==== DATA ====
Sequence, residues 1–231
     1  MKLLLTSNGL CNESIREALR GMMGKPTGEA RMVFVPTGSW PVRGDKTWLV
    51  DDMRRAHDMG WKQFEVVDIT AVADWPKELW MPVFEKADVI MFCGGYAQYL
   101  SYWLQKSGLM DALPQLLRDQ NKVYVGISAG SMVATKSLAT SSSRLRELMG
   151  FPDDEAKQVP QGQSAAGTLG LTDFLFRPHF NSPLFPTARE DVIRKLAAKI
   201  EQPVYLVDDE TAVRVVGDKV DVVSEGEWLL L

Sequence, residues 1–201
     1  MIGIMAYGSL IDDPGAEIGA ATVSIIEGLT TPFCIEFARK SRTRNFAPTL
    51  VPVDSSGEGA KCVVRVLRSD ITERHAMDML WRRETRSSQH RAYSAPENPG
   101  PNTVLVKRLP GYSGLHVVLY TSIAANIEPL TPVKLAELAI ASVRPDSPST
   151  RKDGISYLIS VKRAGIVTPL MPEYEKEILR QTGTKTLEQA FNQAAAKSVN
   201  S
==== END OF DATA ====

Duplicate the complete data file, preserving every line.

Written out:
Sequence, residues 1–231
     1  MKLLLTSNGL CNESIREALR GMMGKPTGEA RMVFVPTGSW PVRGDKTWLV
    51  DDMRRAHDMG WKQFEVVDIT AVADWPKELW MPVFEKADVI MFCGGYAQYL
   101  SYWLQKSGLM DALPQLLRDQ NKVYVGISAG SMVATKSLAT SSSRLRELMG
   151  FPDDEAKQVP QGQSAAGTLG LTDFLFRPHF NSPLFPTARE DVIRKLAAKI
   201  EQPVYLVDDE TAVRVVGDKV DVVSEGEWLL L

Sequence, residues 1–201
     1  MIGIMAYGSL IDDPGAEIGA ATVSIIEGLT TPFCIEFARK SRTRNFAPTL
    51  VPVDSSGEGA KCVVRVLRSD ITERHAMDML WRRETRSSQH RAYSAPENPG
   101  PNTVLVKRLP GYSGLHVVLY TSIAANIEPL TPVKLAELAI ASVRPDSPST
   151  RKDGISYLIS VKRAGIVTPL MPEYEKEILR QTGTKTLEQA FNQAAAKSVN
   201  S